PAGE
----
In this article, we’ll discuss how to use social media as a marketing platform for your school, and some of the important considerations and lessons I have learned. If you haven’t yet, I encourage you to read the first six parts of this series: step 1, step 2, step 3, step 4, step 5 and step 6.
Engaging with your audience
Social media – it’s all the rage now, but how to use it to your best advantage? We’ve been helping our clients understand the myriad of options and opportunities since 2007, well before it became so common place.
We’ll discuss how to maximise engagement, what to measure and how to do it in a way that is authentic and open.
What is social media?
We like to think social media as any service on the Internet that allows conversations to take place. Using that analogy, the discussion forums that have been around for quite some time can be considered social media, as well as services such as photo sharing site, Flickr and the like.
Popular social media platforms
At the time of writing, Australians clearly have two favourites, according to measurement and surveys; Facebook and YouTube. These are 5-10 times more popular than the rest of the ‘top ten’ properties, which are:
Interestingly, the third, fourth and fifth places are taken by large blog hosting platforms. These tend to be spread across millions of pages and blogs hosted there, which makes it more difficult for marketers to target users on these blog platforms.
Steps to success
So you know you need to get on social media, yet not sure how. We recommend you the following steps;
Sign up and reserve usernames
Most social services require a short username, and it is important to get this right. Instead of an acronym, or a long username which is hard to type, look for ways to keep your username reflective of your school.
Research what is being said
Before joining the conversation, start reviewing what is being said about your organisation, add that of your competitors or industry. As well as the previously mentioned ‘Google Alerts’, there are other great tools specifically for social media such as Social Mention.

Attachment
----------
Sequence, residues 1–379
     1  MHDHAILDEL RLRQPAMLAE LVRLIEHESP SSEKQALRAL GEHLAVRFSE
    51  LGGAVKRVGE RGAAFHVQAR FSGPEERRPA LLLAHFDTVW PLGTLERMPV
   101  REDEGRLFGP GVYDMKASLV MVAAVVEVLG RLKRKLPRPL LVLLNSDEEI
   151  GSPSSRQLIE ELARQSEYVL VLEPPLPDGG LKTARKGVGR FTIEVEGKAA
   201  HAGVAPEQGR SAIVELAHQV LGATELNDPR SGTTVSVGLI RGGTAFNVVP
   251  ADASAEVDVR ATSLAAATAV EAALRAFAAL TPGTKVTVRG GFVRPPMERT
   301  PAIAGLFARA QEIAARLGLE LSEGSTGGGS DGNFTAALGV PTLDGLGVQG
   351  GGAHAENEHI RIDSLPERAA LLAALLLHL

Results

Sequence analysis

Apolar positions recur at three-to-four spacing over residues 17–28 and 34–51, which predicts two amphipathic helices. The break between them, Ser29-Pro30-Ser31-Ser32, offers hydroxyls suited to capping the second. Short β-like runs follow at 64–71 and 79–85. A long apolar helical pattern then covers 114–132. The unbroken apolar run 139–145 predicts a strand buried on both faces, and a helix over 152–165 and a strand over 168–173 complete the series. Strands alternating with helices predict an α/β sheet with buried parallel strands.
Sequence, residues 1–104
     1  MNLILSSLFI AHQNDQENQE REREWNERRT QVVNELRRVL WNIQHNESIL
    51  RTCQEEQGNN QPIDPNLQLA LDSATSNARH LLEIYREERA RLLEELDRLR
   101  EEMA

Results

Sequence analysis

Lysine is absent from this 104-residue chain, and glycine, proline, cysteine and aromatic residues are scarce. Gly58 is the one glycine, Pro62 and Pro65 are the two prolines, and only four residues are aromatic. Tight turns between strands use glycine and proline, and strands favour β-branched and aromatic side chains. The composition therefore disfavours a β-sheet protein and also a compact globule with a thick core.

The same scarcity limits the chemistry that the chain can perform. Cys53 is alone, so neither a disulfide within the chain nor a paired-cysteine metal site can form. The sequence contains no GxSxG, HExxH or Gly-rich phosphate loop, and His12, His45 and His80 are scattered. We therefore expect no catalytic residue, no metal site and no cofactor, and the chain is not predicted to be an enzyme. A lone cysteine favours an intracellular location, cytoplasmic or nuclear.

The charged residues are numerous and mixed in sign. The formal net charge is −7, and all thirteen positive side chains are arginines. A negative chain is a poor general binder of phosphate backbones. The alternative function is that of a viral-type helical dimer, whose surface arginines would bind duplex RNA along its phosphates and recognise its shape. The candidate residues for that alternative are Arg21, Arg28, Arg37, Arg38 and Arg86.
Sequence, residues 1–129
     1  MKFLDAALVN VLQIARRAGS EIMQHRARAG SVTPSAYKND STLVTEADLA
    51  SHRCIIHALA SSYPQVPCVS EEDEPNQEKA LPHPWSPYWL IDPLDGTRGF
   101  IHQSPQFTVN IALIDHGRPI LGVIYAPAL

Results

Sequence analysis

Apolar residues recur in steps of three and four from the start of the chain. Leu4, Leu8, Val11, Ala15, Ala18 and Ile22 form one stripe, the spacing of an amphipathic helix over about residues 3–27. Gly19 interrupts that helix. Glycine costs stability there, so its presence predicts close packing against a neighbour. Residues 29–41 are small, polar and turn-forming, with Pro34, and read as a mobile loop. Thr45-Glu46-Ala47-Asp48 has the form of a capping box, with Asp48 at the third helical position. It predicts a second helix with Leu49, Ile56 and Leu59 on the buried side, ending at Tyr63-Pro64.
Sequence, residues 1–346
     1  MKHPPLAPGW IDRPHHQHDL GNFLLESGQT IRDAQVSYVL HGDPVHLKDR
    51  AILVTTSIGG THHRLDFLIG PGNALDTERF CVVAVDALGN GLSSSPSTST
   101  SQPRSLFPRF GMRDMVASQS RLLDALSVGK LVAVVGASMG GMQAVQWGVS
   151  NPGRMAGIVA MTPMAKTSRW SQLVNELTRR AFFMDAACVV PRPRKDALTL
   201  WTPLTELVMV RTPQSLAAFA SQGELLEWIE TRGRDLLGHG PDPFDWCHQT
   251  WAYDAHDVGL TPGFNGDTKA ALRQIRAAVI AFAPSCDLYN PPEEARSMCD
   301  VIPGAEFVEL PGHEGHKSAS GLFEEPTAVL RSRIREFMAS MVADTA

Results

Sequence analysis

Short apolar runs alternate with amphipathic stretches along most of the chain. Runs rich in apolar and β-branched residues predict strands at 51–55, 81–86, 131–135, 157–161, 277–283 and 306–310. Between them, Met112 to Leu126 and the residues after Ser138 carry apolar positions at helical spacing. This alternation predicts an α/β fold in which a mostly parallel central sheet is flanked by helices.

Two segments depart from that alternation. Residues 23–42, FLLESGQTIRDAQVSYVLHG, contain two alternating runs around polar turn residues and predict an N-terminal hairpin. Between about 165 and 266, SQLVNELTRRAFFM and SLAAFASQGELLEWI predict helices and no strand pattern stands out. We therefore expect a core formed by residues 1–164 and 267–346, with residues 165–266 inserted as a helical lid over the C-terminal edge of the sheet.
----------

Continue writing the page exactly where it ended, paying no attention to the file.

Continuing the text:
Get your platform in order
Each social service allows you to modify the design to suit your brand. Take the time to set up your profile, completing the text fields, and integrating the brand so it works in that medium.
There is nothing worse than seeing a social media account with default design, no description and no encouragement to engage with them. Don’t expect much respond if you leave your social media accounts to look newly created.
Create a ‘social media policy’ for employees
Many organisations are now adopting a social media policy to help illustrate what is considered acceptable and unacceptable for employees to utilise their own social media accounts. Many schools have similar documents to raise awareness with students.
This video by Department of Justice, Victoria, spells it out well.
Develop a ‘voice document’ for social media
Just like the editorial document we discussed with website content, having a similar one for social media helps set the scene, and ensures a consistent social voice. Establishing your brand’s social media voice is a great article to start the process.
The simplest way to measure social engagement is to simply look at the audience numbers; how many followers on Twitter, fans on Facebook and the like. However, are these really useful metrics? A better metric is available in the Facebook metrics, which is level of engagement, and similar metric can be created for Twitter, showing retweets, shares, replies, etc.
Sites like Klout and PeerIndex were created to help brands measure their metrics; however what you measure is down to you. This article Essential Social Media Metrics explains more on metric creation and tracking.
Social media is worthy of a book just in itself. We’re quickly covered the basic steps in creating a social media presence and discussed various metrics you can utilise to measure the success, and ensure you spend your time on social media wisely.
Miles Burke is an Author, Public Speaker and Managing Director of Perth-based digital agency, Bam Creative. His team has created websites and digital marketing campaigns for dozens of schools, and their work has been featured in the media, won plenty of awards and most of all, helped schools demystify the digital marketing space to attract enrolments and better communicate to their communities.